Building Permits: construction covered under the New Jersey Uniform Construction Code will require a Construction Permit and inspections to ensure that all construction conforms to the relevant construction codes.  In many cases architectural plans prepared by a licensed Architect may be required when making an application for a  Construction Permit.  Business owners should be diligent in preparing a budget for construction costs that includes the necessary professional costs and permit fees.  

Prior Approvals: is it vital that due diligence is used in evaluating any location for a business.  Some locations may require additional “prior approvals” before permits or zoning approvals can be obtained due to environmental or other land use concerns. You may require professional assistance in evaluating a site.

Contact your municipality for information on local regulations. General steps required include:

New Jersey Division of Revenue & Enterprise Services (DORES): if you choose to form a limited liability company (LLC) a corporation (Inc.), a Professional Corporation (PC), you must record that new entity with DORES.  This is not required for Sole Proprietorships or General Partnerships.  

Tax Registration: all businesses (including proprietorships and partnerships) must register for Tax purposes with DORES. Every business that has employees, more than a single owner, or is organized as a corporation must obtain a Federal Employer Identification Number (EIN), commonly referred to as a Federal Tax ID #, from the Internal Revenue Service (IRS).

Trade Names, Alternate (Fictitious) Business Names, Doing Business As (DBA): businesses may operate using a name other than their legal name, if that name has been properly registered. Sole Proprietorships and General Partnerships must register a “Tradename” in each of the County Clerk’s Offices in the Counties where they wish to conduct business. LLCs, Corporations, and other legal entities may register an Alternate Name with DORES.  Fictitious names for foreign entities (companies formed outside of New Jersey) are sometimes referred to as a DBA.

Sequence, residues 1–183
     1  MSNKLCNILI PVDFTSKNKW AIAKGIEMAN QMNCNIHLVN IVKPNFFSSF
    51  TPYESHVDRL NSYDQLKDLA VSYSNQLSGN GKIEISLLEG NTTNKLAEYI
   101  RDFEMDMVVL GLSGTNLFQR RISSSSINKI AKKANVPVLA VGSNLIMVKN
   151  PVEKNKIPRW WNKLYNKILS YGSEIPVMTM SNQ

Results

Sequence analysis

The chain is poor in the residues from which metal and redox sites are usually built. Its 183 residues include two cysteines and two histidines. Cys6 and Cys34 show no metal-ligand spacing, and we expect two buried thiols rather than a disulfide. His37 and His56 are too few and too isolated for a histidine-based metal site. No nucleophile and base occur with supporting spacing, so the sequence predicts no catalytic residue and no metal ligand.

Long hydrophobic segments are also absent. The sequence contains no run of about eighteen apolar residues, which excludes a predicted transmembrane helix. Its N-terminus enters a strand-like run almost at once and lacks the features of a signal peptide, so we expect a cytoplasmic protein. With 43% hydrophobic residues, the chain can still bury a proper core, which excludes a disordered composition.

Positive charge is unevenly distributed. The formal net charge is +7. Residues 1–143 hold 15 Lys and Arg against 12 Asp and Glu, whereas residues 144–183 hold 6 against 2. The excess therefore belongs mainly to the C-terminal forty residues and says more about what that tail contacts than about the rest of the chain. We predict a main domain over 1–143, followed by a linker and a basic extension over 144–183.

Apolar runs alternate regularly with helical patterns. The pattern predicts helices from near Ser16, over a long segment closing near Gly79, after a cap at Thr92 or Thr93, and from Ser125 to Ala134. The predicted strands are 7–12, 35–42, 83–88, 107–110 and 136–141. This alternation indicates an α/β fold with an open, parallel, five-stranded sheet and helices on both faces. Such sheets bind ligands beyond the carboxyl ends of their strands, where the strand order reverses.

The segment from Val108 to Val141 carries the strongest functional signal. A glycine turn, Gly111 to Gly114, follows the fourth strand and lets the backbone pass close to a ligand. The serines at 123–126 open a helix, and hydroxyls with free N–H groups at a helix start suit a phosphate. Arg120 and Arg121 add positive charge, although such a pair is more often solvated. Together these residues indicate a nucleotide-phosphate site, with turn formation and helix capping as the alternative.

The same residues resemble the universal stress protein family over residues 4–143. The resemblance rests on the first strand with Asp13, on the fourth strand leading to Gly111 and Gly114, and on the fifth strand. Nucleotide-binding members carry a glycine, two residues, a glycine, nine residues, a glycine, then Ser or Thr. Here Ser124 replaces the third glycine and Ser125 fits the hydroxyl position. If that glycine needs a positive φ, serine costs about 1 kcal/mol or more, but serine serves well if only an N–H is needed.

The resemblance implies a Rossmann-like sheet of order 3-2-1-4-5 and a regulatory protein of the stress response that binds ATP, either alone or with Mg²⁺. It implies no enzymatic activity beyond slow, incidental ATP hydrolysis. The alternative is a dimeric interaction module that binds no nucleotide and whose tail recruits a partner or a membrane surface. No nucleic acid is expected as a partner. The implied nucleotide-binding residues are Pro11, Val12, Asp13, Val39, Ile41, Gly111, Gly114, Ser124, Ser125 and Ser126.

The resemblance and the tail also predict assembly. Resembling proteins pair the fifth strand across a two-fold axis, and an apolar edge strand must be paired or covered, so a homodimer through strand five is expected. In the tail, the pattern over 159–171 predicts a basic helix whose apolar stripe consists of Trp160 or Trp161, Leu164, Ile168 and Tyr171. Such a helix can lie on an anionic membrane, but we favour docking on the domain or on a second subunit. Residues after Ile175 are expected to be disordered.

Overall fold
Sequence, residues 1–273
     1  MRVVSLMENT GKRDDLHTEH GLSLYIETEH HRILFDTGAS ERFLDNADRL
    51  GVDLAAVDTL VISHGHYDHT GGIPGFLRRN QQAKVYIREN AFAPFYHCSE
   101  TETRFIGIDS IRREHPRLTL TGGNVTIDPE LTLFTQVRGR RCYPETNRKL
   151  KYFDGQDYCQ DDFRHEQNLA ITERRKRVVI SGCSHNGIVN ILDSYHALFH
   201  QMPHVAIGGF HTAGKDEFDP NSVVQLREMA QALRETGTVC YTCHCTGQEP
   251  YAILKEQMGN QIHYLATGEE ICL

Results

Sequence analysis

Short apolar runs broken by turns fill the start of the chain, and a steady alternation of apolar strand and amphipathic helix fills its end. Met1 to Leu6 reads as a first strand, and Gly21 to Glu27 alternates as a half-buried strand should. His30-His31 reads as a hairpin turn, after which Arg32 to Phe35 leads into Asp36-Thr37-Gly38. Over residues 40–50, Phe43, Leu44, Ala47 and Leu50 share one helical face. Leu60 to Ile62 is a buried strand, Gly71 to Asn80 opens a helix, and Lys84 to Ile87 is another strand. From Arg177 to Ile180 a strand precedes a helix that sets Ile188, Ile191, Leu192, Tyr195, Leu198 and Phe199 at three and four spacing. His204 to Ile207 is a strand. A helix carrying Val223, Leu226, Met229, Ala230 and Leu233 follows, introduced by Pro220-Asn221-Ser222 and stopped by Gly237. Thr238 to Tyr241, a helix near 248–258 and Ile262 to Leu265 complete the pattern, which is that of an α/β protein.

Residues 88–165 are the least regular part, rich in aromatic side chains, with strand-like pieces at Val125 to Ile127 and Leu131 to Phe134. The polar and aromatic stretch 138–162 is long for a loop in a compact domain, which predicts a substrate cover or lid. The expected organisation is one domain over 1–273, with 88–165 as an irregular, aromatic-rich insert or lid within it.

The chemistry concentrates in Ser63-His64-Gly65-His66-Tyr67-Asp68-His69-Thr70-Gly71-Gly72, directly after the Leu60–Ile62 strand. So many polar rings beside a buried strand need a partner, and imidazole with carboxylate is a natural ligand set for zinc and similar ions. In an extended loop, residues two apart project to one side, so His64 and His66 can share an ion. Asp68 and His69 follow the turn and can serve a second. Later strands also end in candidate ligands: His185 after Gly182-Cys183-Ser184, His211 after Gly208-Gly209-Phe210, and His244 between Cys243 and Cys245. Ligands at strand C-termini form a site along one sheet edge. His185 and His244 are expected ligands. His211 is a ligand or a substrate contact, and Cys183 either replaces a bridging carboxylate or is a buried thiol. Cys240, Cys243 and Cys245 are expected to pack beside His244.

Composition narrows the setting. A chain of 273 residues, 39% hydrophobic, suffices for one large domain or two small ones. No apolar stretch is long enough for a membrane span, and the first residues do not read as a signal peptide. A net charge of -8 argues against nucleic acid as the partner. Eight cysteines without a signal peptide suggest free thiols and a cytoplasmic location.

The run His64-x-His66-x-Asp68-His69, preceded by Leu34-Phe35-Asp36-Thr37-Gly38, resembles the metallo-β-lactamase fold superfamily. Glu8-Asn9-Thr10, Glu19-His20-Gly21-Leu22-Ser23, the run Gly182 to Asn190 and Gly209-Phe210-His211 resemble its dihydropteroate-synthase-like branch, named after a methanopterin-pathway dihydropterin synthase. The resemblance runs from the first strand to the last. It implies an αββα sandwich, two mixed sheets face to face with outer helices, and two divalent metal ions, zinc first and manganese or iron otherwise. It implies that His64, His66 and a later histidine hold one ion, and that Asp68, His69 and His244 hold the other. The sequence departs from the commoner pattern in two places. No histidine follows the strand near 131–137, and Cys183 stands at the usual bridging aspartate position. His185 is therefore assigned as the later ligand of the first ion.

Mercantile Licenses: many towns require certain businesses to obtain Mercantile or other local business licenses.  Check with the Municipal Clerk’s Office to determine your obligation under the Municipal Ordinances. Your Municipal Clerk can be found by contacting your Municipal Government offices.

Sales & Use Tax: Businesses may be required to collect sales tax during a qualified transaction and submit those proceeds to the Division of Taxation. You may also qualify for a Resale Certificate that can be used when purchasing items for resale.

Taxpayer Workshops: The Treasury Department’s “Taxation University” offers a workshop series to assist small businesses learn more about their state tax obligations.

Business with employees have certain obligations. Be aware of the following before you hire anyone else to work with you:

  • Wage and Hour Compliance: the New Jersey Department of Labor and Workforce Development’s  office of Wage and Hour Compliance has requirements for wages, working hours, earned sick leave and other regulations that employers must follow, for more information visit  www.nj.gov/labor/wagehour/wagehour_index.html.
  • Workers’ Compensation: All employees must be covered by Workers’ Compensation. In addition, any stockholder (owner) of a corporation that works in the business, even if compensation is deferred, must also be covered by Worker’s Comp.  This does not apply to the members (owners) of LLCs. See your business insurance agent for information on state-approved workers compensation policies.

Although great efforts are made to keep these guides as accurate as possible, they are primarily for informational purposes. Specific details about your business may require additional or more specialized assistance. You are encouraged to consult with an attorney and accountant for legal and tax advice.